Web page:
During the 30 years after the tragedy, Jordan has realized looking back on her time in Peoples Temple the sense of gloom that she felt and the general unease that something could happen at any time. She suffered through a lot of post traumatic stress and having to deal with not only the tragedy on that final day itself, but also all of her time and effort spent in Peoples Temple leading up to the final tragedy, which was pretty much her entire life. Jordan described that growing up she felt that her hopes, dreams, and desires did not matter as an individual. In Peoples Temple, putting one’s hopes, dreams, and desires first is not even an option, it was considered selfish and futile. During her talk, Jordan wanted to emphasize that she still to this day believes that for the most part, Peoples Temple’s ideals were worthy, such as the integration of blacks and whites and the betterment of the country through equality to name a few, but when she looks back on her time spent with Peoples Temple and the way that she lived, the overall price was enormous. Jordan described that while the principles were noble, the circumstances they were a part of were ironically repressive and destructive to her undeveloped and diminished sense of self as a human being and he r own sense of worthiness apart from anything else.

Jordan was so unacknowledged at a fundamental level, which resulted in a detriment to her experience in the world. She feels handicapped by a lack of skills that most people learned as teenagers. Being a part of Peoples Temple required so much of her while she was still so young. Because of this intensity, she believed that there has been a sort of stretching of the psyche, which has developed certain instincts that would not have come otherwise. I found Jordan Vilchez’ speech to be extremely empowering and effective because despite all of these negative aspects that Peoples Temple has left Jordan to live with, she has found and acknowledged the gifts that it has brought her. One of these gifts is that Jordan has realized the complexity of life and the ability to view complex and even painful situations as processes in which something new is trying to emerge. With that said, she tries every day to focus on this “something new” and the positive aspects of her life. The second gift that this experience has brought her, and something that has resonated with me since her speech is the gift of compassion, which she believes to be the ultimate pain reliever because whether one is happy or sad, having compassion and being compassionate can always allow someone to be content. Feeling compassion allows Jordan to cope and deal with difficult issues that she has to face everyday of her life. A quote that Jordan ended with, which I think to be extremely effective in getting her powerful message across is this: “I don’t know how it happened, but my experience has given me compassion towards myself and others including people I don’t like or agree with because we are all one and the same, each of us reflecting a different dimension or angle of where we are in the human journey.” Jordan has realized the importance of really being true to one’s self and most importantly having a healthy balance of being an individual and being a part of a collective community.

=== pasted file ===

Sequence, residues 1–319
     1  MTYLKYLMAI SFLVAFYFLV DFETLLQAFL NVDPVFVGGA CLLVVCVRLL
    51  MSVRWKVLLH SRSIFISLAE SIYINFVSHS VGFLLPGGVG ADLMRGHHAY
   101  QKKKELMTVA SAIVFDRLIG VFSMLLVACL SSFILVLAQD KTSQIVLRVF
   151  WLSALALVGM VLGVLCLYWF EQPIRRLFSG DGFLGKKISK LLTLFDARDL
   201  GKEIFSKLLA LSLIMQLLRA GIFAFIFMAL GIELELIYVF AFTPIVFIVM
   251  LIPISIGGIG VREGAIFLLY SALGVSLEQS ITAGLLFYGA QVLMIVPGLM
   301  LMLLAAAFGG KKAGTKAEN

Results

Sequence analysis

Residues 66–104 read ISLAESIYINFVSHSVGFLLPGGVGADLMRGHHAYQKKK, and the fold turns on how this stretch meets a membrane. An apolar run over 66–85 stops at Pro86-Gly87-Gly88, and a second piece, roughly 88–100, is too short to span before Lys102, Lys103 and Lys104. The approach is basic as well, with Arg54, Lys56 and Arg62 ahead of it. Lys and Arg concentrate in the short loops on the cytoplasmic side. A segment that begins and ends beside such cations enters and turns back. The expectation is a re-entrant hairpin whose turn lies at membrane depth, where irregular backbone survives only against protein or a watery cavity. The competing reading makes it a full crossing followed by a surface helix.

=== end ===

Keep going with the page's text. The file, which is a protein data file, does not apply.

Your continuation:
Tim Carter

Tim Carter decided to join the Marine Corps instead of going to college. He was enlisted for three years and then volunteered to go to Vietnam. He realized that after experiencing combat, things were not as they appeared to be. He felt that he was tricked and this made him angry because he felt that he had been lied to and that people were dying in order for others to get rich. When he got out of Vietnam he decided that he wanted to be a part of the solution, not the problem, which he felt to be the war. Tim wanted to have a place in the world that was constructive where he could actually make a difference. He searched for three years, seeing the lies in society. He investigated many different religions and groups. Tim learned of Jim Jones and after walking into Peoples Temple, he finally felt at home; there were both black and white people and truly no color. He loved the liveliness and interactions between the people. He finally felt that he could contribute in his own way through Peoples Temple to help make the world a better place.

Tim Carter moved to Jonestown in 1977. His son had been born two week earlier. He described how during his last two years in the Temple he truly hated Jim Jones. Peoples Temple became about its leader Jim Jones, which was exactly the opposite of what Tim thought and believed the Temple should be. However, Tim explained that he was not going to leave the Temple because he did not want to leave his family and the people that he loved. Tim saw Peoples Temple as hard work. He was in Guyana for 16 months and spent a lot of his time in the capital Georgetown and visited Jonestown as it was being developed. One of the reasons that I believed Tim Carter’s speech to be so effective was because of how truly genuine and real he was. I felt his emotion and pain through his speech. He believed that what he saw happen in Jonestown was murder. When he was describing that final day, his details were so vivid and I felt as if I had been there; the scene was playing out in my head like a movie. He described that there was absolutely no choice that day and that is why he categorizes what he saw happen as murder; suicide is a choice, and these people did not have a choice. If people had had the choice, Tim believed that they would not have chosen to die. He also backed up this opinion with the evidence that in a meeting, Jim Jones asked how many people thought Peoples Temple should commit revolutionary suicide and only three people raised their hands. Tim also backed his opinion up with the fact that younger children do not commit suicide. Somebody had to facilitate this, and that somebody was Jim Jones.